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Automated Patent Classification

  • Karim Benzineb
  • Jacques Guyot
Part of the The Information Retrieval Series book series (INRE, volume 29)

Abstract

Patent classifications are built to set up some order in the growing number and diversity of inventions, and to facilitate patent information searches. The need to automate classification tasks appeared when the growth in the number of patent applications and of classification categories accelerated in a dramatic way. Automated patent classification systems use various elements of patents’ content, which they sort out to find the information most typical of each category. Several algorithms from the field of Artificial Intelligence may be used to perform this task, each of them having its own strengths and weaknesses. Their accuracy is generally evaluated by statistical means. Automated patent classification systems may be used for various purposes, from keeping a classification well organized and consistent, to facilitating some specialized tasks such as prior art search. However, many challenges remain in the years to come to build systems which are more accurate and allow classifying documents in more languages.

Abbreviations

AI

Artificial Intelligence

APC

Automated Patent Classification

ECLA

European Patent Classification

EPO

European Patent Office

IPC

International Patent Classification

kNN

k Nearest Neighbors

MCD

Master Classification Database

NN

Neural Network

PCT

Patent Cooperation Treaty

SVM

Support Vector Machine

WIPO

World Intellectual Property Organization

References

  1. 1.
    Sebastiani F (2002) Machine learning in automated text categorization. ACM Comput Surv 34(1):1–47 CrossRefGoogle Scholar

Further Reading

  1. 2.
    WIPO’s website page dedicated to international patent classifications (IPC, Nice, Locarno, Vienna): http://www.wipo.int/classifications/en/. Accessed 23 Dec 2010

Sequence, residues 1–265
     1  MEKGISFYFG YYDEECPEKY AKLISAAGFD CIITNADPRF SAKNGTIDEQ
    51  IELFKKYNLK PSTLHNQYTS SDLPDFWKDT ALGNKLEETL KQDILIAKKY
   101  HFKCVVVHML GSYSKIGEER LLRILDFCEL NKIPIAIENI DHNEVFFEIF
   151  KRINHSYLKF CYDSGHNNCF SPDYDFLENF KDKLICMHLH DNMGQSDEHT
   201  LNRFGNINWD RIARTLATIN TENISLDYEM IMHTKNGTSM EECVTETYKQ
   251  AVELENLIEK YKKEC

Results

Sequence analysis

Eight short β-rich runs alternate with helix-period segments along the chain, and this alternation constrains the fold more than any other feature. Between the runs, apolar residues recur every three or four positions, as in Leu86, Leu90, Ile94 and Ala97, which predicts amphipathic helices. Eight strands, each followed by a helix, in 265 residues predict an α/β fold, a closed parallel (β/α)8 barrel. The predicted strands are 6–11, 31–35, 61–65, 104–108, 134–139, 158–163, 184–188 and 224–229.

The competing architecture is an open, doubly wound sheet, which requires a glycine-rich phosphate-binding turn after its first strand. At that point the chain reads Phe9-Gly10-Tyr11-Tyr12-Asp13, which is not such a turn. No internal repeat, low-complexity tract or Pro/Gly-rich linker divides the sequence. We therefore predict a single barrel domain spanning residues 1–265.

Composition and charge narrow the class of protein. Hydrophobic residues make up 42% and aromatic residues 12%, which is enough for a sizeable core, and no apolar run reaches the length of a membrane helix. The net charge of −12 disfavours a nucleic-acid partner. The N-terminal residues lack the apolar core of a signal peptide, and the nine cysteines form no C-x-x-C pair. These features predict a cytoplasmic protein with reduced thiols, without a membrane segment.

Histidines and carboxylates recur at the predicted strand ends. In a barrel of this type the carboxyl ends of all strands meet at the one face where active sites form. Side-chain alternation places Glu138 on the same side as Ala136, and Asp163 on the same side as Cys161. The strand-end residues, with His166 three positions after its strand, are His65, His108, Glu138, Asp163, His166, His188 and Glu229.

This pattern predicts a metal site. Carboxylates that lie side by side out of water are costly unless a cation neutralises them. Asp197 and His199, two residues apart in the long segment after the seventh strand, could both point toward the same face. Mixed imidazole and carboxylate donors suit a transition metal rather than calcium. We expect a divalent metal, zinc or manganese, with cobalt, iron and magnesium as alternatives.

2. 3.
    EPO’s website page dedicated to ECLA: http://test.espacenet.com/ep/en/helpv3/ecla.html. Accessed 23 Dec 2010
  3. 4.
    World Patent Information, Elsevier: an International Journal for Industrial Property Documentation, Information, Classification and Statistics (Quarterly) Google Scholar
  1. 5.
    Berry MW, Castellanos M (eds) (2007) Survey of text mining: clustering, classification, and retrieval. Springer, Berlin Google Scholar
  2. 6.
    Fall CJ, Törcsvári A, Benzineb K, Karetka G (2003) Automated categorization in the international patent classification. SIGIR Forum 37(1) Google Scholar
  3. 7.
    Fall CJ, Benzineb K, Guyot J, Törcsvéri A, Fiévet P (2003) Computer-assisted categorization of patent documents in the international patent classification. In: Proceedings of the international chemical information conference (ICIC’03), Nîmes, France, Oct 2003 Google Scholar
  4. 8.
    Proceedings of the CLEF-IP 2010 (classification task), to be published in 2011. The related web site is here: http://www.ir-facility.org/research/evaluation/clef-ip-10. Accessed 23 Dec 2010

Copyright information

© Springer-Verlag Berlin Heidelberg 2011

Authors and Affiliations

  1. 1.SIMPLE SHIFTPlan-les-OuatesSwitzerland

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